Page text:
Gov. Haley Barbour has signed a bill today increasing cigarette taxes in Mississippi by 50 cents per pack. The bill brings the total tax per pack to 68 cents, up from the current 18 cents, which is the third lowest tax in the nation.
Four years ago, the U.S. Supreme Court took a big step toward righting a galling wrong. It joined nearly every other nation on the globe and banned teen executions.
Originally from Birmingham, Ala., Jamie Holcomb came to Jackson in 2001 to study at Millsaps College.
Mayor Frank Melton and I disagreed on many things, especially the way he ran the city and his style of "crime-fighting," but we met in the middle on a few things.
Harvey Johnson Jr. became Jackson's first black mayor after winning the 1997 election with about 70 percent of the vote.
With summer upon us, we are faced with the dilemma of whether to hit up a summer blockbuster movie or support the local music community. I advocate the latter.
The civil rights trial of Jackson police officer Michael Recio will proceed next week, despite requests by federal prosecutors for a postponement after the death of Mayor Frank Melton. Prosecutors will formally drop their charges against Melton later this week.
The Marshand Crisler campaign has announced that former Jackson Police Chief Robert Johnson will be endorsing Crisler for mayor this morning at 11:30 in a news conference to be held in front of the Jackson Police Department.
Mississippi Sen. John Horhn, a recent candidate in the race for mayor of Jackson, will announce his endorsement of former Mayor Harvey Johnson this morning.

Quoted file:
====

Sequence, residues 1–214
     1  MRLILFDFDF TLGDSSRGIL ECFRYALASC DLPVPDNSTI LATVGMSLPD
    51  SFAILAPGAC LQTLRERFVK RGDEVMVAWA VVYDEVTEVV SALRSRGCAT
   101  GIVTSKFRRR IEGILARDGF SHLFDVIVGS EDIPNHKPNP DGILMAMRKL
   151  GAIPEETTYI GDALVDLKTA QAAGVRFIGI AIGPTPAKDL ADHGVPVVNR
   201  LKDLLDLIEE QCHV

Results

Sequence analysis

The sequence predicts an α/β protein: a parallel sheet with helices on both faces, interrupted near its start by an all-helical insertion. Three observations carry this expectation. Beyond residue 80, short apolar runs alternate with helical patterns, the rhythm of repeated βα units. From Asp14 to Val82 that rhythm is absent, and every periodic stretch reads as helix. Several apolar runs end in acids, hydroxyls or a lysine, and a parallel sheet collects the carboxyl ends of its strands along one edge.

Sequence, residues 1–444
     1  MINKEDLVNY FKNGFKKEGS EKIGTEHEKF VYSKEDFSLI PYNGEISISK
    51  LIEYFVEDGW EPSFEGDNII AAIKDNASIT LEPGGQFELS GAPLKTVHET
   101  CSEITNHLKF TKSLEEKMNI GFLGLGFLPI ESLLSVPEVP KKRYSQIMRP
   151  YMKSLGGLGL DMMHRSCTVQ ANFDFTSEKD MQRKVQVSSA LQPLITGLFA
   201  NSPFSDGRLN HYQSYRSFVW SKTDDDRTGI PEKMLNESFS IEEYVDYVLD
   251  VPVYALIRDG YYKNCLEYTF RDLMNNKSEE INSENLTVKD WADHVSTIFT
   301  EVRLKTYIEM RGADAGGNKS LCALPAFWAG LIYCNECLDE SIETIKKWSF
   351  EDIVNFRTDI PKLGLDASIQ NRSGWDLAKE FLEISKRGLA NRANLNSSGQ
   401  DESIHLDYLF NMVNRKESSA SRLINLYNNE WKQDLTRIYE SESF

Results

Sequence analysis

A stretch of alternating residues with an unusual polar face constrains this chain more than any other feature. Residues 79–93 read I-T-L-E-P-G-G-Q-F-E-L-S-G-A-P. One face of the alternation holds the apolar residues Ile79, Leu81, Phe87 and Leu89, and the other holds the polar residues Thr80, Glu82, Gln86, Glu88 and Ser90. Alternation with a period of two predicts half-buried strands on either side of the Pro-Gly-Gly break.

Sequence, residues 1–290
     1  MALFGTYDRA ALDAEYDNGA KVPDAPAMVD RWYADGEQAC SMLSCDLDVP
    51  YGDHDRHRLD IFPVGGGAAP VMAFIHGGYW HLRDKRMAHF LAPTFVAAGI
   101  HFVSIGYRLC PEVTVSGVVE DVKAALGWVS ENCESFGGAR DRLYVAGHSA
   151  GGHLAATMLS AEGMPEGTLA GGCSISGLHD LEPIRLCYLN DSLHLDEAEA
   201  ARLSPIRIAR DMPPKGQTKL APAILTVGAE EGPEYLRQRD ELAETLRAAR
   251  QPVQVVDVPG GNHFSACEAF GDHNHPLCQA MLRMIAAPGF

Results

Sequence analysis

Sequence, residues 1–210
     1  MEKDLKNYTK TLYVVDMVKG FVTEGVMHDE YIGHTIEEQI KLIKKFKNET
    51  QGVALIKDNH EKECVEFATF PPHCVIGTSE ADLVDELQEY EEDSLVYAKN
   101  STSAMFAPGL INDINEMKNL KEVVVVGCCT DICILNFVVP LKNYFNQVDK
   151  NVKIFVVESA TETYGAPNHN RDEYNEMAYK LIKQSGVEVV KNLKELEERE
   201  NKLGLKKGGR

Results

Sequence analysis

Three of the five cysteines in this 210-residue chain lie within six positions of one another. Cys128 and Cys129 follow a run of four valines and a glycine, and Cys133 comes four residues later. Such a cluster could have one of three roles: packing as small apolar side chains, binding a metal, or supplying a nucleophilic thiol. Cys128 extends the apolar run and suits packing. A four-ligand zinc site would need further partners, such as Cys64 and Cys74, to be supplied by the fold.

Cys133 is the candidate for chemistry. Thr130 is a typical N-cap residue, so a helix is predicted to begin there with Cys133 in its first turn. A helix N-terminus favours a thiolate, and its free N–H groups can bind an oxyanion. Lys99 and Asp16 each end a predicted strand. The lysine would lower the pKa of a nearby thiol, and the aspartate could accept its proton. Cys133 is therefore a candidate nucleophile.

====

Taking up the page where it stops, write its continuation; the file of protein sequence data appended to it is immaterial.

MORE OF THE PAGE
The battle over Two Lakes is back on. After years of infighting and millions of dollars spent on impact and engineering studies, the Rankin-Hinds Pearl River Flood and Drainage Control District board is still debating two different plans to dam the Pearl River and create a shallow lake between Hinds and Rankin counties. The two plans differ only in their size, with the Lower Lake Plan creating less lakeside real estate, flooding less Pearl River wetland and costing less money to construct. Both call for the inundation of wetlands and portions of LeFleur's Bluff State Park, including campgrounds and hiking trails at Mayes Lake.
Tuesday, May 12
The Mississippi Republican party is holding events today honoring the party's founding chairman, 79-year-old Wirt Yerger, Jr., and last Sunday, Clarion-Ledger columnist Sid Salter interviewed Yerger. Just a few questions into the interview was this exchange:
WAPT will offer a live video stream of the noon memorial for late Jackson Mayor Frank Melton at Thalia Mara Hall.
Meet Mort, Levi, Eli and Junior, four Red Ruffed Lemurs born at the Jackson Zoo April 19. They've been indoors with their mom, Moon, since their birth, but made their public debut last Sunday, Mother's Day.
The Jackson Convention Complex is the site for a China trade forum later this month, hosted by the Mississippi Development Authority and Gov. Haley Barbour, reports WXVT 15 in a story from the Associated Press.
Belhaven pitcher Craig Wescott is a finalist for the Ferriss Trophy, the annual award for Mississippi's top college baseball player, along with Ole Miss' Scott Bittle and Southern Miss' Brian Dozier. Wescott wasn't in town to here the news on Monday. He and the rest of the Blazers were in Cleveland, Tenn., preparing to play Indiana Tech in the NAIA Championship (Tuesday, 11 a.m.)